Adam Gretz is a writer for Pro Hockey Talk on NBC Sports. Drop him a line at phtblog@nbcsports.com or follow him on Twitter @AGretz.

Mrazek gets punched in mask by Thornton; leads Hurricanes to win

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It was an eventful night for Carolina Hurricanes goalie Petr Mrazek.

When it comes to the important stuff — stopping pucks to prevent goals and get a win — he was about as good as he could have possibly been by turning aside 28 out of 30 shots throughout regulation and overtime, as well as all three shots he faced in a shootout, to help lift his team to a 3-2 win over the San Jose Sharks and bust out of a mini-slump that had seen them lose three of their previous four.

He also had a run-in with Sharks forward Joe Thornton that saw him get punched squarely in the mask.

It all started mid-way through the second period when Thornton attempted to jab at the puck that Mrazek had covered in the crease. Mrazek, taking exception to that jab, then chased after Thornton, swung his stick at the back of Thornton’s leg, stood up to get in his face … then got punched.

There were penalties handed out here, with Thornton getting two minutes each for roughing and slashing, while Mrazek was given a two-minute minor for slashing.

Mrazek was asked after the game if it is tough getting back into the game and maintaining focus after a scrum like that, and he was quick to say that’s actually better for him because it makes him feel like he is in the game.

Adam Gretz is a writer for Pro Hockey Talk on NBC Sports. Drop him a line at phtblog@nbcsports.com or follow him on Twitter @AGretz.

 

Panarin scores in return to Columbus, helps Rangers steal one

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Artemi Panarin was back in Columbus on Thursday night for the first time since leaving the Blue Jackets to join the New York Rangers in free agency this past summer.

After hearing some early boos from the local crowd, Panarin ended up getting the last laugh and was the difference maker by scoring the game-winning goal in the third period of the Rangers’ 3-2 win.

Panarin was the Blue Jackets’ best player for two years and one of the biggest reasons they made the playoffs both years, finally winning their first playoff series a year ago when they upset the heavily favorite Tampa Bay Lightning in Round 1.

This is the video tribute the Blue Jackets had prepared for Panarin on Thursday.

So far his time with the Rangers has been everything the team’s management could have hoped for, and with his goal on Thursday is now up to 13 goals and 34 points on the season in his first 27 games.

What has to be especially frustrating for the Blue Jackets in this one isn’t just the fact that Panarin came back to haunt them by scoring the game-winning goal, but they were probably the better team in this game and played well enough to win. They ended up dominating the pace of the game and outshot the Rangers by a 47-19 margin and spent the entire night taking up residence in the Rangers’ end of the rink.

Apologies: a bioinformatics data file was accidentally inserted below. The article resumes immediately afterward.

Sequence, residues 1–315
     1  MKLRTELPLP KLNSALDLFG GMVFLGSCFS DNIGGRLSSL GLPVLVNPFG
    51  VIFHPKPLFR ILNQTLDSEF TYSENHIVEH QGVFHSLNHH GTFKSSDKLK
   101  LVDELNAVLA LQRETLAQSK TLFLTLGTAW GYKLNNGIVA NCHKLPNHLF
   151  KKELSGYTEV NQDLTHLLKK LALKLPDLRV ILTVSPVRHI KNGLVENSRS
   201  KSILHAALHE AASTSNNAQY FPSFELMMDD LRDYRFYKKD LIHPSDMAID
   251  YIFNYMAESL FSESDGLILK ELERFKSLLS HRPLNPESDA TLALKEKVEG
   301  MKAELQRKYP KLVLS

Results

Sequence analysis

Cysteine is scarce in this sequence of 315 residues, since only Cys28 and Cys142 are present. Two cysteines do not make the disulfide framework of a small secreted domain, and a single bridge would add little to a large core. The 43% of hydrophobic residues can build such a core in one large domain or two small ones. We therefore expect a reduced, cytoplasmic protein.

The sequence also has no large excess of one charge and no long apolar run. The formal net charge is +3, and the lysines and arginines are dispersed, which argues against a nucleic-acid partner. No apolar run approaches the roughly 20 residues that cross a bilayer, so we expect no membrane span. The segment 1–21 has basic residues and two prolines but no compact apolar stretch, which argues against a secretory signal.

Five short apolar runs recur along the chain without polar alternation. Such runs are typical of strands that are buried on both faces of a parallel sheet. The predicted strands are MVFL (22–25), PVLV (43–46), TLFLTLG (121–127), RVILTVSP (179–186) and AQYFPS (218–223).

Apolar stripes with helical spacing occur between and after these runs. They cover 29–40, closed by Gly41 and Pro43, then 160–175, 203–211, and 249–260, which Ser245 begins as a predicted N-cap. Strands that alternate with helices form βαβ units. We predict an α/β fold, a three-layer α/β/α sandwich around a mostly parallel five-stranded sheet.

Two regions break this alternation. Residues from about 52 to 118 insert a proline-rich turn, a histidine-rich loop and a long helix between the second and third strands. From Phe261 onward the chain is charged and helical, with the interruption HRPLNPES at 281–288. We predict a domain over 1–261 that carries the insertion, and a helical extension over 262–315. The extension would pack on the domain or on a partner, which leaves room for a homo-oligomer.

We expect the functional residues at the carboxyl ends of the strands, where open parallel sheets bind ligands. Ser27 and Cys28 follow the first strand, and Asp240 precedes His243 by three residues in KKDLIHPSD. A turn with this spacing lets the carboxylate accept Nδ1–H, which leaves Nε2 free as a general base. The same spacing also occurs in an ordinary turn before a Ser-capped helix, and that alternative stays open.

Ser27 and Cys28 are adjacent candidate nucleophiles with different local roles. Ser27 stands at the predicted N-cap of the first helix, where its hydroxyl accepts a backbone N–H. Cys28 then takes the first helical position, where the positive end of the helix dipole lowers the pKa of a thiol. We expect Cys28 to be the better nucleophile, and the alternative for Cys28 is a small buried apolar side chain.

The problem was Alexander Georgiev was a rock in the Rangers’ net.

They also gave up a crushing goal to Brendan Lemieux in the closing seconds of the first period, erasing what had been a 1-0 lead and squandering what was a tremendous start to the game.

The win allowed the Rangers to keep pace in the Eastern Conference playoff race and leaves them just three points back of a Wild Card spot.

The Blue Jackets fall to 11-13-4 and are already eight points back.

Related: Rangers’ Panarin returns to Columbus the way he left: as a superstar

Adam Gretz is a writer for Pro Hockey Talk on NBC Sports. Drop him a line at phtblog@nbcsports.com or follow him on Twitter @AGretz.

 

Canadiens’ Kotkaniemi leaves game after scary fall (Video)

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Scary scene in Montreal on Thursday night during the first period of the Canadiens’ game against the Colorado Avalanche.

Second-year forward Jesperi Kotkaniemi had to leave the game after an ugly fall that resulted in him hitting his head off the ice. He remained on the ice for a few moments before being helped off the ice by teammates with his head slumped over.

The Canadiens announced that he was out for the remainder of the game due to an “upper-body injury.”

You can see the sequence in the video above.

It all happened after Kotkaniemi was pinned against the boards by Nikita Zadorov, and then fell backwards. There are a lot of problems with Zadorov’s hit, including the fact it looked to be very late (the puck was long gone from Kotkaniemi when Zadorov initiated the hit) as well as the fact he appeared to lift his right leg and swing into the back of Kotkaniemi’s, knocking him backwards. That doesn’t really qualify as a slew-foot, but everything about the play itself seemed unnecessary.

There was no penalty called on the play.

The Canadiens are already playing without two key forwards in Jonathan Drouin and Paul Byron.

Adam Gretz is a writer for Pro Hockey Talk on NBC Sports. Drop him a line at phtblog@nbcsports.com or follow him on Twitter @AGretz.